Sympathy For the Devil
Guess his name
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“There are two equal and opposite errors into which our race can fall about the devils,” wrote C. S. Lewis. “One is to disbelieve in their existence. The other is to believe, and to feel an excessive and unhealthy interest in them. They themselves are equally pleased by both errors and hail a materialist or a magician with the same delight.”
I’m thinking about Lewis’s wisdom as I watch the unfolding saga of the Target Wars. Target’s newly dropped Pride Month partner, Abprallen, insists that he/she/they isn’t/aren’t, in fact, a Satanist. Yes, they realize one might get the wrong idea from browsing their Instagram and seeing designs like a demon head with the slogan “Satan Respects Pronouns,” or a slogan like “Trans Witches For Abortion,” but it’s all just for shock. Just like the people running the Temple of Satan are quick to assure you that of course they don’t believe in an actual devil who actually does devilish things. We’re all sensible 21st-century people here, with our humanism and our enlightenment rationalism and our oddly specific ideas about Baphomet’s gender identity. (“I went with a variation of Baphomet for this design,” Abprallen explains about the “Satan Respects Pronouns” logo, “a deity who themself is a mixture of genders, beings, ideas, and existences. They reject binary stereotypes and expectations.” Right then.)
Most of Abprallen’s Insta-offerings, which included among other things an adorable little guillotine with the slogan “Homophobe Headrest,” weren’t on the shelves at Target. Target mainly limited itself to the designer’s more blandly nauseating rainbow fare (though one T-shirt with a bronze serpent saying “Cure transphobia, not trans people” felt more symbolically apt than intended—as icon carver Jonathan Pageau likes to say, “Symbolism happens.”) But Abprallen’s more devilish work quickly circulated around social media, causing Target shoppers to ask perfectly reasonable questions and make perfectly reasonable decisions with their wallets. Meanwhile, the store has also been feeling the heat over a new line of “tuck-friendly” bathing suits — now claimed to be adult-only, though one shopper notes that some are oddly small, and oddly placed next to a child mannequin. All this and more has fueled a boycott effective enough to send the company into a tailspin. As part of the damage control, they’ve chosen to officially cut ties with Erik Carnell, the designer behind Abprallen. I’ll refer to Carnell as “she” going forward, since she’s a woman who presents male, and I don’t make a habit of living by lies.
Carnell predictably complains that this is all the fault of bad-faith right-wingers who “spun a narrative” out of her Satanic artwork. All she wants to do with her art, she claims, is send a message of hope and positivity to queer people like her younger self. It doesn’t have to be all sadness. It doesn’t have to be all “bleak.” It gets better!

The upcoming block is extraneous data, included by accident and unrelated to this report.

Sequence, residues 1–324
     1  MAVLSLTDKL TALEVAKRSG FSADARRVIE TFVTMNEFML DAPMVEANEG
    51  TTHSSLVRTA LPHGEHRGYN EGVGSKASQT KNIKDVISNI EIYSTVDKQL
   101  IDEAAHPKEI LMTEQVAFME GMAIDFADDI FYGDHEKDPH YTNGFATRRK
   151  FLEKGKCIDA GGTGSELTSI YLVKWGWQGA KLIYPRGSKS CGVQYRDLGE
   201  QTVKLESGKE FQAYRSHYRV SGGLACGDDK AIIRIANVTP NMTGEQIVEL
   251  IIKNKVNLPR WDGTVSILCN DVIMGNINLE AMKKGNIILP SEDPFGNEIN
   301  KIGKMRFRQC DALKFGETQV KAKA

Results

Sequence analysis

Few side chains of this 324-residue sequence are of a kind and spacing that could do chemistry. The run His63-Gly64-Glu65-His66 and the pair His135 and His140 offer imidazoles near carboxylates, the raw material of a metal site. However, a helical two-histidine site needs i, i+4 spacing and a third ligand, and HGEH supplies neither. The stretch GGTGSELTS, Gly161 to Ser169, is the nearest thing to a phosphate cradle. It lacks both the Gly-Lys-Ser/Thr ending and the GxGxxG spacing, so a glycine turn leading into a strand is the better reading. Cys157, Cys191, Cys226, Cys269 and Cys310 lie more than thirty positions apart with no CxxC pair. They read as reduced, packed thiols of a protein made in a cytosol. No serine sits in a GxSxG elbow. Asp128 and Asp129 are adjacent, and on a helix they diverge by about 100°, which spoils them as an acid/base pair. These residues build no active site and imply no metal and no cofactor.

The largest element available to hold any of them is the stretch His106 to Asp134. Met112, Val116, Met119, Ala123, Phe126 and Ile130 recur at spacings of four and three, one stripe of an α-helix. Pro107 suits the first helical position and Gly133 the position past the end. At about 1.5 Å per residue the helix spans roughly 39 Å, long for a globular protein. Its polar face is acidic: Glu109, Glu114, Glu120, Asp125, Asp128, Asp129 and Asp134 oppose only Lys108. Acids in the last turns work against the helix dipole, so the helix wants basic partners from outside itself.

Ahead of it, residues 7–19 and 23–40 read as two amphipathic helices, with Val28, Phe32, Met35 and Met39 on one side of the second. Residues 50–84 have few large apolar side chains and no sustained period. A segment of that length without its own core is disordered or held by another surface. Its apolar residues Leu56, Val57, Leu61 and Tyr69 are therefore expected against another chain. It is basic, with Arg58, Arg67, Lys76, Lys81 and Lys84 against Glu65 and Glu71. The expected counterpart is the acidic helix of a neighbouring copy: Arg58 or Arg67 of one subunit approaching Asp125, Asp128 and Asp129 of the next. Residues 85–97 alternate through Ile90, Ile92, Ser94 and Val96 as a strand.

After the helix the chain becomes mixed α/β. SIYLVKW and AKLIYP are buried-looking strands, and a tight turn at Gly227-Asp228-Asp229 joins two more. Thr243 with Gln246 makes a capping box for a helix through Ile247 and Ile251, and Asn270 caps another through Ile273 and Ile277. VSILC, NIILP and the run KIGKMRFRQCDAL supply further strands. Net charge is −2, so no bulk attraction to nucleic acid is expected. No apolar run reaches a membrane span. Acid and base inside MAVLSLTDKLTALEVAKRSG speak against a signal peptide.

Well, perhaps I found the wrong Instagram, because “bleak” was the first word that came to mind as I browsed Carnell’s catalogue. Indeed, a hallmark of her work is that whatever looks lovely or hopeful must be surrounded by whatever looks ugly, dark, and ghoulish. Literally—each heart in a collection of heart-shaped preferred pronoun pins is surrounded by barbed wire. She must really like the “heart in barbed wire” motif, because it comes up again in a pin where barbed wire sets off the message, “Transitioning is an Act of Self-Love”. This design adds the additionally hopeful note of a skeleton hand clutching a human heart. There’s a rose in there too, but it’s kind of hiding behind the bony thumb.
Skeletons make repeat appearances. Another design features one grinning over a collection of potions and pills, captioned “Transitioning is Alchemy.” Carnell explains, “Taking potions, lotions, pills, having your body altered under the knife or with injections, cutting or growing your hair, and choosing to adjust the very makeup of what makes your body is witchcraft and alchemy, and that’s an incredible achievement.”
I can’t think of a more apt design to encapsulate what feminist social critic Mary Harrington calls “the Meat Lego Matrix” (bold emphasis added):
This is a world where digital simulacra are used to push a fantasy of radical self-creation, that re-envisages human selfhood as online identity and our bodies as meat avatars.
In this worldview, human bodies are not sacred, let alone inseparable from consciousness. They’re inert meat we’re entitled to enclose for profit, instrumentalise at will, and rearrange like toy building-blocks to suit our sense of self. And because we’re entering an age where this is increasingly possible, with a moral framework inherited from a time when limits were still a thing, this is all being framed as a civil rights and social justice issue.
But hello, what’s this? An Abprallen pin saying “Trans bodies are holy.”